Congratulations on your new book, Deep Dark Light, which is a surrealistic work in three parts, combining poetry and prose. Can you tell us about it?
Deep Dark Light is a combination of poetry, with lots of images, and a short story. It’s an experiment in form, inspired by classical music and how each section or movement of, say, a piano concerto is organised to portray a certain idea or mood, yet the whole thing is inter-related, too. The majority of poetry books are simply collections of poems about various things. Sometimes collections are themed, which gives the reader more of a strong sense of what the poems are about or how they are supposed to make you feel. I wanted to structure a book like that but include any form of text, breaking free of poetry to include stories, letter-like essays, thoughts, notes, and images. Perhaps the closest analogues are William Blake’s mythological books, but there was no intentional influence from those.
Deep Dark Light has a theme too. It is a somewhat surrealistic work that has a feeling like a journey or quest, always searching and trying to understand, looking for light. Some of my writing is rather abstract, and this is designed to evoke a music-like feeling, a journey from darkness to light, rather like a symphony by Beethoven or Sibelius.
I bet everyone thinks this is a very odd book already! Perhaps it is. For me, the writing process was something of a quest; I find that many books are. I think that many writers quest and seek things while writing, and that this often manifests itself in the story itself. So many books are about looking for an ending, the narrative reflecting exactly the psychology of the author. Do the writers notice? As a reader, I didn’t until I began writing, and then I saw this pattern in so many novels. I hope some people will find it inspiring.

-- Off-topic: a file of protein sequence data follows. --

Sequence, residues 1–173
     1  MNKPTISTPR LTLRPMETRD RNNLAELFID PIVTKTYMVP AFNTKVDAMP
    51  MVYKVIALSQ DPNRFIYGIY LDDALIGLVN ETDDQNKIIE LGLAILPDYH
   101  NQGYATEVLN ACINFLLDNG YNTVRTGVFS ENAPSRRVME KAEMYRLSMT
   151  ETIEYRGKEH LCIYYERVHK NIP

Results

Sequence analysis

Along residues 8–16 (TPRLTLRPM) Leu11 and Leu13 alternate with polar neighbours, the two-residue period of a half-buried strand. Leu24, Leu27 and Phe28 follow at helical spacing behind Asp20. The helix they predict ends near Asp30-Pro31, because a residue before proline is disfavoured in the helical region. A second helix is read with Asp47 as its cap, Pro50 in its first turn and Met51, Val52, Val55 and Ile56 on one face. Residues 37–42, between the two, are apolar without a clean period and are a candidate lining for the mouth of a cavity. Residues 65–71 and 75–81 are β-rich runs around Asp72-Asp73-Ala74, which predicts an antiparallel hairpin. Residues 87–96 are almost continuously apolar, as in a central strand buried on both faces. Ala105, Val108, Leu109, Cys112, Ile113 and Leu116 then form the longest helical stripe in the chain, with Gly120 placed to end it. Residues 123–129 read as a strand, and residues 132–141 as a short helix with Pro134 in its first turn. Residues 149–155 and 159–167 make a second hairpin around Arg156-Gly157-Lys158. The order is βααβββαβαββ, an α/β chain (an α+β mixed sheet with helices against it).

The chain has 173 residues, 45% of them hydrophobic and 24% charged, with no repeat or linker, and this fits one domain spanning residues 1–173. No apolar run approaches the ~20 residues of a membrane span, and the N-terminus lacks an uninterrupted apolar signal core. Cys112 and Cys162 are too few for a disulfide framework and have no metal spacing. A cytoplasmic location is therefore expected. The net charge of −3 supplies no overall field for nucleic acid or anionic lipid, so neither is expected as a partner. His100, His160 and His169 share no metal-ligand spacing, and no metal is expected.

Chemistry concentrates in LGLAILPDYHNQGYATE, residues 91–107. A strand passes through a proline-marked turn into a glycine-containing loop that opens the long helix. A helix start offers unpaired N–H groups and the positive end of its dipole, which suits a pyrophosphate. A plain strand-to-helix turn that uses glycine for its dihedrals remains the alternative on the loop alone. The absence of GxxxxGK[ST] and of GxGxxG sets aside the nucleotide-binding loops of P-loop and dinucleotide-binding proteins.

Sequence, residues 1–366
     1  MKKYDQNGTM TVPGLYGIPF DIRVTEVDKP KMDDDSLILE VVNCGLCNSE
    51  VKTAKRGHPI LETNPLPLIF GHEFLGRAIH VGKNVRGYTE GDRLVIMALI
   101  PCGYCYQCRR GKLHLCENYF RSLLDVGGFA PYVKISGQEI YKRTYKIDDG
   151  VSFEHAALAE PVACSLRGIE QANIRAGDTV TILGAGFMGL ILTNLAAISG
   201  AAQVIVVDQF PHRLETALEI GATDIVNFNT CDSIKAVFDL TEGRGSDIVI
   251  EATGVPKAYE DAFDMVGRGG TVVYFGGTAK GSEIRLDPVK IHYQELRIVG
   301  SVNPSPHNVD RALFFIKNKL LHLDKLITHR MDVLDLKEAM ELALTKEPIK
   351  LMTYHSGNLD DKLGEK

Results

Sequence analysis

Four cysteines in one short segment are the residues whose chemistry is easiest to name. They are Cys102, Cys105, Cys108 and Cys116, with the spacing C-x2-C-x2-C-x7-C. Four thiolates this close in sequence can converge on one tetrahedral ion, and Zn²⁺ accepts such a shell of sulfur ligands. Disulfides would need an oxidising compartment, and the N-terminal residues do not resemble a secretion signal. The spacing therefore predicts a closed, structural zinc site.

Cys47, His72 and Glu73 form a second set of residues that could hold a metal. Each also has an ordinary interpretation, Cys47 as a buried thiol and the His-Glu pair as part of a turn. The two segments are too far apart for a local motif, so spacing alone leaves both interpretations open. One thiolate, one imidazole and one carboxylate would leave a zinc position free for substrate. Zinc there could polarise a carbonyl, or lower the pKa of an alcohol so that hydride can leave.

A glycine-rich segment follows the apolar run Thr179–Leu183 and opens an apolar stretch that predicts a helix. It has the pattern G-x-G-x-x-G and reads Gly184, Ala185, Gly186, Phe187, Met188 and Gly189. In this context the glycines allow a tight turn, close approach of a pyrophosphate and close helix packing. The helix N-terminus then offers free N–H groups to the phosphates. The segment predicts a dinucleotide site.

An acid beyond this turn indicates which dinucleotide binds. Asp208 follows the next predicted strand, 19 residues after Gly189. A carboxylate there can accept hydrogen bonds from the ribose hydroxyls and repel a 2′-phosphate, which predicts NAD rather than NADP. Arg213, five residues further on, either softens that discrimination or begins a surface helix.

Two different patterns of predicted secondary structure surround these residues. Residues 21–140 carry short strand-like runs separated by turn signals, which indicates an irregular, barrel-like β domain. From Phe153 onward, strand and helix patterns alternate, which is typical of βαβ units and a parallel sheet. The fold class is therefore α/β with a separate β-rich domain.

How did you structure the novel?
The first part consists of short poems with illustrations. These arose from a period of introspection, a searching for artistic meaning. This opens the gateway to a second part about a larger quest for meaning. The reader is also asked questions and, hopefully, engaged in this unusual dialogue. Parts of the second part involve physics and philosophy.
The final section is a surrealistic story that brings together some of the thoughts and ideas explored, and on some level unifies and concludes these. It is the story of George, a man searching for his lost love who has been kidnapped or taken somewhere. George begins before a vast door at sunset, and is pulled forwards through various fantastical worlds, ultimately towards love, daylight.
What philosophy do you explore?
The short philosophical pages, which are often something like prose-poems, are generally about the nature of thought and reality. They’re strongly related to Descartes; my own Meditations on his.
What inspired you in the first place?